A librarian at Tonasket High School being accused of sexual misconduct with a student certainly deserved our attention, another school special board meeting was taking place in executive session in Oroville. The board was meeting to reconsider transferring Oroville High School Principal Kristen Sarmiento from her principal job back to a teaching position. This on the recommendation of Superintendent Steve Quick.
The entire meeting took place in closed door session. Sarmiento got to answer questions from the board, as well as the district’s attorney Rockie Hansen. After an hour or so the nearly two dozen high school staff members who were there to support Sarmiento were called in one at a time to say why Sarmiento should remain as principal. No one appeared to be there to say they agreed with the superintendent’s decision.
Meanwhile Sarmiento’s supporters and I sat on the deck and learned tidbits of what was being said as each staff member returned – what kind of questions were asked and what the supporters tried to get across. This makes for a very hard to write article, so instead I’m just going to give my impressions and opinion here in this space.
There seemed to be an inordinate concern by the attorney about who told the staff that Quick was trying to transfer Sarmiento into a teaching position next year. Who talked in other words, how did they find out. Well, the obvious answer is probably that you can’t keep something like that under wraps in a work environment, especially given the circumstances. What might those be you ask. Well, Sarmiento admitted that she got frustrated and at one point had told the superintendent something along the lines of “I might as well resign.” However, she didn’t resign. Unfortunately for Quick, according to reports, he proceeded to write Sarmiento’s resignation letter, but printed out accidentally on someone else’s printer. It seems the superintendent let the Genie out of the bottle, so to speak. Once out it couldn’t be put back in and soon nearly everyone knew and without Sarmiento asking, in fact the opposite, she had an outpouring of staff support in the form of letters to the board.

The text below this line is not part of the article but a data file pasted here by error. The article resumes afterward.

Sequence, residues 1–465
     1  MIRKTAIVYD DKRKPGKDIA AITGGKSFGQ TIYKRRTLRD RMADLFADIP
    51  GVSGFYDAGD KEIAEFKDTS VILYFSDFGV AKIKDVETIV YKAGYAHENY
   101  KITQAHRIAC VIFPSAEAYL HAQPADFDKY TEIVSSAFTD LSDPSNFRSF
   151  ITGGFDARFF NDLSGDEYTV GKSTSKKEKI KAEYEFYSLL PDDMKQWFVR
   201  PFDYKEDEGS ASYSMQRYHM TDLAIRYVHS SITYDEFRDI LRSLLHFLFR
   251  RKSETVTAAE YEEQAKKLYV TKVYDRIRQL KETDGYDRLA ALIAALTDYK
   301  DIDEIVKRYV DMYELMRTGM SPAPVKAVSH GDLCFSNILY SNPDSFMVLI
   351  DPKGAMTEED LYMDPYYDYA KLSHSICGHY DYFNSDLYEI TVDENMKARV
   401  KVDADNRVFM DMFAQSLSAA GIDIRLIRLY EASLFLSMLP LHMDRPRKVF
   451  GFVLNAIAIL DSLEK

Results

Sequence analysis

When I asked her if she asked Quick to write the resignation letter, she said, “No I didn’t ask him, apparently he took it upon himself.”
Teacher Ed Naillon, who was on deck in support of his principal, said “There’s a lot of good letters here.” Everyone on the deck had nothing but positive things to say about the principal, while many, who will remain unnamed, were a lot less positive about the superintendent and his methods. Here relationship with staff and students appears to be a strong one, unlike her predecessor in the job.
“I heard a rumor that she was being sent back to the classroom before she even had a letter saying she was being transferred,” said another teacher Tam Hutchinson.
“I said if we lose her you are going to shatter the morale of this building,” said teacher Linda Colvin, after returning to the deck following her talk with the board.
Others talked about Sarmiento’s open door policy, her ability to suggest different ways of getting through to students when one course of action isn’t working. Discipline problems are down at the high school they say.
“She fosters growth in teachers, she fosters growth in students,” added teacher Ed Booker.
What I’d like to know is how much did Quick’s decision cost in attorney’s fees and is it true he hired an investigator and how much did that cost.
Principals come and go, I’ve seen my share in this job, but just going on staff and student support and my own experiences, it would be a mistake to get rid of Principal Sarmiento.